Australasian Science: Australia's authority on science since 1938

Too Many Science Graduates

By Guy Nolch

A new report finds that the increasing number of science graduates are having difficulty finding relevant employment.

The full text of this article can be purchased from Informit.

Advocates of science have long argued the merits of students studying science, technology, engineering and maths (STEM), and several programs have been established to ignite an interest in science as early as primary school and then maintain that interest into adulthood. Already these efforts seem to be working – perhaps too well.

In August the Grattan Institute reported that “science has added 26,800 local students since 2009, outstripping growth in other STEM fields”. But what happens to all those students when they finish their studies?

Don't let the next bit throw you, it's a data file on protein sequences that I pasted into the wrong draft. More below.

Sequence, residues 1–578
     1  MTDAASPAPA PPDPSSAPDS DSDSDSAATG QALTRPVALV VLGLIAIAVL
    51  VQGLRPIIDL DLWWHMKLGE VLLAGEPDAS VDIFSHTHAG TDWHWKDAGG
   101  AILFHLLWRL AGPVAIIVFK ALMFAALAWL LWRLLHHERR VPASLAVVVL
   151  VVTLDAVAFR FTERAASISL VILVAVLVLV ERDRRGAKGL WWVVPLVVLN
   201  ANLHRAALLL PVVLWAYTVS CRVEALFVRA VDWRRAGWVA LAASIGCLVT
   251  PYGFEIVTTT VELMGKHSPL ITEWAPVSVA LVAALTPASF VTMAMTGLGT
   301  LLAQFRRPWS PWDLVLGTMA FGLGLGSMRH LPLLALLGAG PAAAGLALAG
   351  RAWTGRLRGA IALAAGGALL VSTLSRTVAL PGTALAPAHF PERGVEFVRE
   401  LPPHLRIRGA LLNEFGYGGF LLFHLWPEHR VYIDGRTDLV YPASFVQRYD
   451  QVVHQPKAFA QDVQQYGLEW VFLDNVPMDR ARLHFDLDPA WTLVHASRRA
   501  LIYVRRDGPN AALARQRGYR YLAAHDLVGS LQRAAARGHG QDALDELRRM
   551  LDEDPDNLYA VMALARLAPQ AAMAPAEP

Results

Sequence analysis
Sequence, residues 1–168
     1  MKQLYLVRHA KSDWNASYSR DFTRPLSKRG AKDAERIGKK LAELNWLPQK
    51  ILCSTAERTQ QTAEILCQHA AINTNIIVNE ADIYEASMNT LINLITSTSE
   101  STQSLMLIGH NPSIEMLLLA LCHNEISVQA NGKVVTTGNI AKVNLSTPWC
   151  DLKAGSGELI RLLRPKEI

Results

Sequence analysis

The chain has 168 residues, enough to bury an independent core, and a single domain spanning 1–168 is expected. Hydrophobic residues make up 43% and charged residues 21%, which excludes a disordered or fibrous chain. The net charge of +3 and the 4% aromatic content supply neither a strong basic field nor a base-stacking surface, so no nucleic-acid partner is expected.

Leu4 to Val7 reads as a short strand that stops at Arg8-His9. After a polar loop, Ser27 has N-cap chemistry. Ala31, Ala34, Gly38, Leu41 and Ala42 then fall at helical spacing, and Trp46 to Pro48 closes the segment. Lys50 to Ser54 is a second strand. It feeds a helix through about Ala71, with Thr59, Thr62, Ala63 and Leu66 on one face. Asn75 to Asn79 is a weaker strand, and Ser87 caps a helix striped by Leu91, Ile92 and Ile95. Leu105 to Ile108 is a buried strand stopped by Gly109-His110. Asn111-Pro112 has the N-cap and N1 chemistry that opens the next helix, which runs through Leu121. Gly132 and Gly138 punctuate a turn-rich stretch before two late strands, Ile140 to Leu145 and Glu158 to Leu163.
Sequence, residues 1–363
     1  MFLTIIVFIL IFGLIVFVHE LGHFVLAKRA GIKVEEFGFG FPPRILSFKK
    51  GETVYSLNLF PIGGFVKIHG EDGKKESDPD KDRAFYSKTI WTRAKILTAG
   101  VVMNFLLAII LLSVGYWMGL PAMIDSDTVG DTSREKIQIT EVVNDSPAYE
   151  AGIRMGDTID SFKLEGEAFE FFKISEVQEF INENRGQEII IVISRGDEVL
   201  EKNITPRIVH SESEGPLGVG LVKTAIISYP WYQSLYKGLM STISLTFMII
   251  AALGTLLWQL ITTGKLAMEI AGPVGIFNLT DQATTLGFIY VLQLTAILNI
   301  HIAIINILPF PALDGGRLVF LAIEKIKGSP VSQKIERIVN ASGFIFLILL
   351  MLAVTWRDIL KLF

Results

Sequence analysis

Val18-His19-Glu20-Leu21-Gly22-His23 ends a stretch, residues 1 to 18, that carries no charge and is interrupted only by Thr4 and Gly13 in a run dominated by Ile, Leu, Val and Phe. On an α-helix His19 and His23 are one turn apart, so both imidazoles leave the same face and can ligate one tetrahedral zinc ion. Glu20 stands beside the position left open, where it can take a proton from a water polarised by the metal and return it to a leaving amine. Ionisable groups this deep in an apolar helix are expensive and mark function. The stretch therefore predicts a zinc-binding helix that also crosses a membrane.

The report, Mapping Australian Higher Education 2016, paints a pessimistic picture of the career prospects of science graduates. It found that:

  • last year only 51% of science graduates found full-time work 4 months after completing their course – 17% lower than the national average;
  • the end of the mining boom has had dire consequences for geology graduates, with the full-time employment rate at its lowest level in 30 years;
  • only half of all working science graduates say their degree is required for their job – 20% below the average; and
  • science Bachelor degree graduates are less likely than other STEM graduates to work in high-skill managerial or professional jobs.

So where do many of our science graduates go? More than one-quarter start another Bachelor degree,...

The full text of this article can be purchased from Informit.